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OVERFLOW Aug 22, 2014 A selection of new works by Scott Polach which draws on the history of pluviculture, or, attempts to induce rain artificially. Opening includes a collaborative performance piece from Keenan Hartsten entitled, "Very cool, and refreshing?". 85 other events on Friday, August 22
 
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Tuesday, May 08, 2012

A night at the South Bay Drive-In

Two theaters in San Diego County still do it the old-fashion way

By Alex Zaragoza
drive-in-1
- Photo by Alex Zaragoza

The drive-in theater was a Saturday-night staple for families wanting some wholesome fun and teenagers looking to get to second base in back seats during the 1960s. When that 100-foot screen lit up with the images of Hollywood stars and dancing hot dogs, it became more than a night at the movies. With everyone in their Chevys and Fords, it became an American pastime. 


In San Diego, we can still get a bit of that nostalgic fun. According to the San Diego History Center, there were 19 drive-ins located throughout the county in the 1960s, the first one—the Midway Drive-In, on Midway Drive and Sports Arena Boulevard—having opened during World War II. Only two are left: the Santee Drive-In Theatre and South Bay Drive-In Theatre in Nestor, where I spent a recent Monday night.


It had been almost 20 years since I visited that drive-in. My family—aunts, cousins and beloved pets included—would pile into station wagons with blankets and pillows to catch some early-’90s cinematic masterpieces, like Home Alone 2: Lost in New York. Back then, the drive-in was a raucous experience that turned the boring thing that took us to school into a funhouse. Popcorn flew everywhere, and we laughed like sugar-fueled hyenas at the hijinks on the screen.


Nowadays, the South Bay Drive-In, which opened in 1958, is a bit run down, but it still offers old-school good times on a warm summer night.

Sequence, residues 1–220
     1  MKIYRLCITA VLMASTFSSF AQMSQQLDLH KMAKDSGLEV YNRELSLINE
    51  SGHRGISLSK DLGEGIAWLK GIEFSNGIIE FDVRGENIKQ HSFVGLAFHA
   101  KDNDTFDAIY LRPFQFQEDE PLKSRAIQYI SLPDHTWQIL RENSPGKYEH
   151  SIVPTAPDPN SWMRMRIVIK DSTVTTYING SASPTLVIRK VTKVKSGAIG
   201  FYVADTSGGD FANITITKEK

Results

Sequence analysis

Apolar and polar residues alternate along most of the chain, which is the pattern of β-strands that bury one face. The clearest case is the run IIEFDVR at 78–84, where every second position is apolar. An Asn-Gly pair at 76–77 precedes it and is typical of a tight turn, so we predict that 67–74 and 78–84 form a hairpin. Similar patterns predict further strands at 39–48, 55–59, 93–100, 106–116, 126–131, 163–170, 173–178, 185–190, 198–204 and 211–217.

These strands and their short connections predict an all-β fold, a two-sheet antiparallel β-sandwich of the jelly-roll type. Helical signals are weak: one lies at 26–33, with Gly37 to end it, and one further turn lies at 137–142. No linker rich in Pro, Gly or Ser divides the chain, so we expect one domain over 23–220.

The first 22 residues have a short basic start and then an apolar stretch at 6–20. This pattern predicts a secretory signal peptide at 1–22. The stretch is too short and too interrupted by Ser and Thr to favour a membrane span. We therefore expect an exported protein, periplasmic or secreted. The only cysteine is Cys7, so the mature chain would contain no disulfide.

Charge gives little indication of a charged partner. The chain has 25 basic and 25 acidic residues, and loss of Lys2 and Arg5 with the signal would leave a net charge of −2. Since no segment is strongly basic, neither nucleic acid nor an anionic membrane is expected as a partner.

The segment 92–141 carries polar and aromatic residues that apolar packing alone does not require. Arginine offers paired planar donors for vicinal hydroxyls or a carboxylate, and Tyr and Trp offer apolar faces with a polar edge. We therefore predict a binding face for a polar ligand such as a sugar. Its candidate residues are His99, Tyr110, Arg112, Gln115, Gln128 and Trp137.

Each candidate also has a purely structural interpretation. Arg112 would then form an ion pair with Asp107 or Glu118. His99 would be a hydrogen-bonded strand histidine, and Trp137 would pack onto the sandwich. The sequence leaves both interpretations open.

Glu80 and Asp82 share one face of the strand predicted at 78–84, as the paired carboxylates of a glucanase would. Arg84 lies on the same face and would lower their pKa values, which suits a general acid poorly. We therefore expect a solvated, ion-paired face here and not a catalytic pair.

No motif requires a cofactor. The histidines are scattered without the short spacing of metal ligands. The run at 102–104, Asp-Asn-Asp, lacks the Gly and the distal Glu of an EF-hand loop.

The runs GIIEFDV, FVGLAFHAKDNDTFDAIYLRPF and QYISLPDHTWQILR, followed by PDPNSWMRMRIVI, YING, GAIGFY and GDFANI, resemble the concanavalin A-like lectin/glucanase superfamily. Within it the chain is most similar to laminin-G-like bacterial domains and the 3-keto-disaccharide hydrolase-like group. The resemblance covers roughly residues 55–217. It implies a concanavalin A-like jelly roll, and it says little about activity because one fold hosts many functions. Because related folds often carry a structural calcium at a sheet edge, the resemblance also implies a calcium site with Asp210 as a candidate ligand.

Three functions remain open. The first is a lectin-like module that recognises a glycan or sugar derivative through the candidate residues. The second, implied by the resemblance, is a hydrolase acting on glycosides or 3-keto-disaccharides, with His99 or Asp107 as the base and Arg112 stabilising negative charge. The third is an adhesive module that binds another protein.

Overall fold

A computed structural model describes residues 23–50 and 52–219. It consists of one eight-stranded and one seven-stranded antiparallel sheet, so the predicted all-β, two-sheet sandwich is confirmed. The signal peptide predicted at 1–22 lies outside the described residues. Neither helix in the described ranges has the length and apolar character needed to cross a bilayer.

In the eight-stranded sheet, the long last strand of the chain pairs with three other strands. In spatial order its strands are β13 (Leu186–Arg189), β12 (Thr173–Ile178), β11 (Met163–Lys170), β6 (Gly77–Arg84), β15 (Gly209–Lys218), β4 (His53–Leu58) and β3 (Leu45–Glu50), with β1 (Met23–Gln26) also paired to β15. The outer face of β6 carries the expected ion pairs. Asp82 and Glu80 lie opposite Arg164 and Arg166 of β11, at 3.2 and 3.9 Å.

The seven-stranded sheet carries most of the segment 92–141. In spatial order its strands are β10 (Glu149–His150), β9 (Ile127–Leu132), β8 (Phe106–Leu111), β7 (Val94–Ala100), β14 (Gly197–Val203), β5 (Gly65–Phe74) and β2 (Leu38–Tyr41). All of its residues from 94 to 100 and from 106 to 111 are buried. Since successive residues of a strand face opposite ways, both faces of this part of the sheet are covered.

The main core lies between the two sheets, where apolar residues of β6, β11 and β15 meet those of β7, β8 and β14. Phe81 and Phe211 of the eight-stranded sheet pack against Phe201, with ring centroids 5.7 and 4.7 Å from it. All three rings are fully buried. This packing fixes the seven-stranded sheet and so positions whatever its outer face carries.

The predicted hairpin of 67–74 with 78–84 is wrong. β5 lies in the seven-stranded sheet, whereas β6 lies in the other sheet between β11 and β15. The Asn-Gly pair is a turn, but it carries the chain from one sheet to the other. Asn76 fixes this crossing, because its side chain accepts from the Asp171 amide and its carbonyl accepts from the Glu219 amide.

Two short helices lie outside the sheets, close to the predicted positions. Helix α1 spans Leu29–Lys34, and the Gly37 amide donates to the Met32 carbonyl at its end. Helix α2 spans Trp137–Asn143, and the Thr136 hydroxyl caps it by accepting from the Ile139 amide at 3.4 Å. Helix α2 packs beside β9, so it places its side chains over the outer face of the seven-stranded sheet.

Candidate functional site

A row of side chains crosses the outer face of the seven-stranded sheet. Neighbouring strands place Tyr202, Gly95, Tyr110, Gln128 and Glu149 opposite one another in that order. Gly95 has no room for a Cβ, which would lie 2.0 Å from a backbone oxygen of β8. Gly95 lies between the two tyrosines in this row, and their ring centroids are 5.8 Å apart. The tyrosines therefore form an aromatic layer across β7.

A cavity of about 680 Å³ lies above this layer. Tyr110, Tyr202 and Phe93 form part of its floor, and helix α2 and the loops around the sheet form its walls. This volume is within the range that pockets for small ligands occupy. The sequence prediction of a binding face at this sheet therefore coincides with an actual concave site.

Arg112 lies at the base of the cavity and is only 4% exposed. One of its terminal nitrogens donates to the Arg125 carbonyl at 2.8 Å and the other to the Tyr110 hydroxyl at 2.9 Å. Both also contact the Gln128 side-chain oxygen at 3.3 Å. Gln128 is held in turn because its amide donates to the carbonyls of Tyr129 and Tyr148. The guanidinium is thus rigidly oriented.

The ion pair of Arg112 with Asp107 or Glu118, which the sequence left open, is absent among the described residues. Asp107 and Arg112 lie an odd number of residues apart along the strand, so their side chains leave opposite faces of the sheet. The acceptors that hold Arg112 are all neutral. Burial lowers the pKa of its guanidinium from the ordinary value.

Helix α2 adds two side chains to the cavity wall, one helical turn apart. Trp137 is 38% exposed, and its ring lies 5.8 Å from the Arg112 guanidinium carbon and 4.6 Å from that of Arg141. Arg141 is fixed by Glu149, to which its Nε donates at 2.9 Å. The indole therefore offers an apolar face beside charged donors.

Kip Sherer, co-creator of Drive-ins.com, a website that compiles history and information on drive-ins around the world, says part of the allure is the “communal experience.”


“In the movie theater, you’re expected to stay quiet,” he adds. “At the drive-in you can talk, joke about the movie, go to the snack bar and meet other people.”


Frank Huttinger, chairman and CEO of De Anza Land and Leisure Corp., which owns four Southern California drive-ins, including the South Bay, says it’s low prices that keep drive-ins in business. At South Bay, tickets are $7 for adults and $1 for kids between 5 and 9 years old for two movies. The concessions are reasonably priced, as well. My giant plate of cheese-soaked nachos and medium Coke was $7.


During my jaunt, I found myself having a great night, just as I did back in those old station-wagon days. I’m one who wishes the worst kind of fate on those who dare make noise at the movies. People who not only let their cell phone ring, but do the unimaginable by actually answering it during a movie, should be stoned with early-2000s Nokia phones. But at the drive-in, in the comfort of my own Chevy, my date and I heckled the movie with gusto. It was our own little Mystery Science Theatre 3000. Granted, it was the cheesy Jason Statham action flick Safe, producing these gems in dialogue: “We were kings, you son of a bitch! Now we’re just a bunch of serfs!” and “I’m gonna keep him like a pet. A badly treated pet. And then I’m gonna do things to him that will make me ashamed to look in the mirror.” Boisterous snark was inevitable, and it was liberating for a tightly wound noise Nazi like me to let loose.


Sherer says that drive-in season officially begins on June 6, which is known as Hollingshead Day, after Richard Hollingshead, who invented drive-in cinemas in 1933. Hit the snack shack for some artery-clogging grub and feel free to be as loud as you want. The personal peanut gallery is wide open.




 
 
 
 
 
 
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